Lawns, rock and wood mulch deserts, and what could be

The front lawn is the biggest addiction of the American homeowner—even in my hometown of Davis, a city that likes to think of itself as a paragon of enlightenment and progress, yet often falls shorts in either category.

Here’s a selection of photos I took on walks around the neighborhood with Stella. I make no claims as to how representative these photos are of our city at large, but I have a feeling they reflect reality pretty well.

I’m not going to preach too much, but come on people, we’re in a permanent drought. And while removing your front lawn is laudable in and of itself, it’s only the first step: A bare expanse of wood chips or rocks may be maintenance-free for you, but it’s a dead zone for everybody else. You owe it to yourself and to your neighborhood to do better. (By the way, I'm only talking about non-functional lawns; the situation is different if you have kids who actively use it.) 

So much water and...

...maintenance needed...

...for a space that serves no purpose...

...and is never used

What a waste of opportunity

This is a little better, seeing how the lawn is fairly small and there’s quite a variety of other plants

I was so excited when they removed their lawn—just to replace it with new turf

The worst is a lawn that gets watered regularly yet looks like this

Letting your lawn die and doing nothing make weeds deliriously happy

Quite a few people in our neighborhood have removed their lawns. But all too often that’s where the ambition stops.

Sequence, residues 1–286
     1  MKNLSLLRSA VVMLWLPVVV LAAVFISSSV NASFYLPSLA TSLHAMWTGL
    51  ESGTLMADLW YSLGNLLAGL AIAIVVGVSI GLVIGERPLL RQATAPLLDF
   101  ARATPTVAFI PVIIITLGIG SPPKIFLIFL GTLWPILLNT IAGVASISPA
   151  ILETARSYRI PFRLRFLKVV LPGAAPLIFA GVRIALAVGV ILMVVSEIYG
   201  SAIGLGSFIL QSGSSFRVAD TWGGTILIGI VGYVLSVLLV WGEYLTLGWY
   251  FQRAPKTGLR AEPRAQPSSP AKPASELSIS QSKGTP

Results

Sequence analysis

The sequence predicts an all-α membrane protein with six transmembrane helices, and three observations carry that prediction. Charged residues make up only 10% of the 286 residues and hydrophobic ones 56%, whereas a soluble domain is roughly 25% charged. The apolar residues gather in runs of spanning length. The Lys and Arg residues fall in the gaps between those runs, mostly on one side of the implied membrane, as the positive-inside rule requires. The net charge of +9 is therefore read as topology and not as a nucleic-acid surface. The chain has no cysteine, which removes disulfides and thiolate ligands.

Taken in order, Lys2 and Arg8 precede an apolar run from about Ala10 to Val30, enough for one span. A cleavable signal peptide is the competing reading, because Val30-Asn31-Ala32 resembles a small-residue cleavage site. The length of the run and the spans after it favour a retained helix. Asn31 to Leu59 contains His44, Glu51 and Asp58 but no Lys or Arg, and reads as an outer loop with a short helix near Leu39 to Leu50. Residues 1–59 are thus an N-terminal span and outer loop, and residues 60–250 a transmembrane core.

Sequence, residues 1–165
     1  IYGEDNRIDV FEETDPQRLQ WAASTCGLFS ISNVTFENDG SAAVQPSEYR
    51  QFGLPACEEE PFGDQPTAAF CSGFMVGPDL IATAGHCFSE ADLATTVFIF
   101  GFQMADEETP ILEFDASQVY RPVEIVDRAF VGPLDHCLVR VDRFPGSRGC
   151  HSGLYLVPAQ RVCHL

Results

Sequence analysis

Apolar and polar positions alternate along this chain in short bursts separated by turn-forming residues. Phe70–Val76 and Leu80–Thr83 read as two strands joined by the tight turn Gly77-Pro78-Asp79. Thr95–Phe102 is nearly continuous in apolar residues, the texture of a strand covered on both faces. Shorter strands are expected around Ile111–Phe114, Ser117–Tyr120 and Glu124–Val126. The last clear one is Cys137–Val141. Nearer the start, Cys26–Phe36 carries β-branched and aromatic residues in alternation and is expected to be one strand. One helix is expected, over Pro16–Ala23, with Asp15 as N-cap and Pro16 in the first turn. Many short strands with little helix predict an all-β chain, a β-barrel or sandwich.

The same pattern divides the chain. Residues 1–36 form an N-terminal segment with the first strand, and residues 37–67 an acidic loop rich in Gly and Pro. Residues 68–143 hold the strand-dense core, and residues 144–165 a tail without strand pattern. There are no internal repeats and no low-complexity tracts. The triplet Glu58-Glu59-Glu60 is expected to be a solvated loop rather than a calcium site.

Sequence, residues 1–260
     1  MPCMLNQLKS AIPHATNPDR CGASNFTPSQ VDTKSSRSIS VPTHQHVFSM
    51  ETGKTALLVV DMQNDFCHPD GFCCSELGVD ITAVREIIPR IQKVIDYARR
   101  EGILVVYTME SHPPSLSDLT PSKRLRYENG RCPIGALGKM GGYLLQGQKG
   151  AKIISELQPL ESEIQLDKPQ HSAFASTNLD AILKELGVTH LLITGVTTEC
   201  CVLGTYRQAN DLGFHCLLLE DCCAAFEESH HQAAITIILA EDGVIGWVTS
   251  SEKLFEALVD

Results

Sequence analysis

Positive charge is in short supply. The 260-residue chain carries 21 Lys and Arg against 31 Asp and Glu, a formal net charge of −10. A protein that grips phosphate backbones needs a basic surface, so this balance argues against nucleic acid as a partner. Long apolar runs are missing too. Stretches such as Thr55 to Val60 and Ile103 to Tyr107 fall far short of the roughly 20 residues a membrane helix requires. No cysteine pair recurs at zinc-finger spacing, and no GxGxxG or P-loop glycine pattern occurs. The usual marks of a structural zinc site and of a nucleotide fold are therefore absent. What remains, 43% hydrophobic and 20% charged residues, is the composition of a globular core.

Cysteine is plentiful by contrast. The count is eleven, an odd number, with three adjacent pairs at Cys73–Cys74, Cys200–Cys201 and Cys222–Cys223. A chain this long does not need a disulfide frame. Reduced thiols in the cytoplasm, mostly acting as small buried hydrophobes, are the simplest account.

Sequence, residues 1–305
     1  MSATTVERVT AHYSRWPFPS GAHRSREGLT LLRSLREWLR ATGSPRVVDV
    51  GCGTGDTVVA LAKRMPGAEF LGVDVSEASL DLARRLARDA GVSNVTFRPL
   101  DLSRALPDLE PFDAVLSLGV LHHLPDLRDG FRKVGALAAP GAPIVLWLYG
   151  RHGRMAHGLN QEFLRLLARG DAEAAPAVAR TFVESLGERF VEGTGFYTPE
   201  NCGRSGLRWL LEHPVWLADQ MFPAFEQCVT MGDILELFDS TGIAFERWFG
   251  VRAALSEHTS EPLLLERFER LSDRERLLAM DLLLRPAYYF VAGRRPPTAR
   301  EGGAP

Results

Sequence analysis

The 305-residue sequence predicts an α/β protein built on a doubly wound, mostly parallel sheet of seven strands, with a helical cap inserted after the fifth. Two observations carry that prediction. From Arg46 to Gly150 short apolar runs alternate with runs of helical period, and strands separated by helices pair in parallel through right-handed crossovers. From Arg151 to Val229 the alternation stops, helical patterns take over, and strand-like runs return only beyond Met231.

OK, they’ve done something, I just wish I knew what it was

I’m not a fan of rock deserts in the middle of suburbia, but at least this has Mexican feather grass growing in it—better there than in my own garden

A more interesting design, combining rock (still far too much of it) with low-growing shrubbery

Stella says: at least a strip of gravel is easy to traverse when chasing squirrels (not that my dad ever lets go of the d*§% leash)

A recently redone front yard at a corner. Between the rocks and the turf, I actually prefer the turf because it’s much easier to walk on. Those large pebbles trip you up!

This could be an ad for the wood mulch industry

Enough with the depressing stuff. Here are some examples of front yard conversions done right.

You don’t have to go overboard to create a vibrant front yard

Simple, yet attractive

A kindred spirits who believes in...


Sleek and elegant

I hate the word “curb appeal,” but this house has it in spades

My kinds of plants

One of my favorite front yards on our street

Whenever I see a blank slate like this, I feel a sense of optimism. Keeping my fingers crossed...

P.S. ¼" of rain this morning. Every drop matters.

© Gerhard Bock, 2022. All rights reserved. To receive all new posts by email, please subscribe here.


  1. As hard as it is to imagine, it seems many people just don't like or have interest in gardening. Maybe a hired hand maintains their lawn, and otherwise they don't give it a second thought. I don't know much about artificial turf, I've seen a few in my neighborhood, and it may be a good option for those who like the look of lawn without the water required to keep it green.
    The small bit of turf in our back yard, left to go dormant each summer, is saved for golf swing practice :-D

  2. The "OK, they’ve done something, I just wish I knew what it was" property -- those two rocks are very, very, very special and they framed them with some contrasting gravel and a plastic ring? Or, to be fair, more likely they discovered the area is solid tree roots and gave up.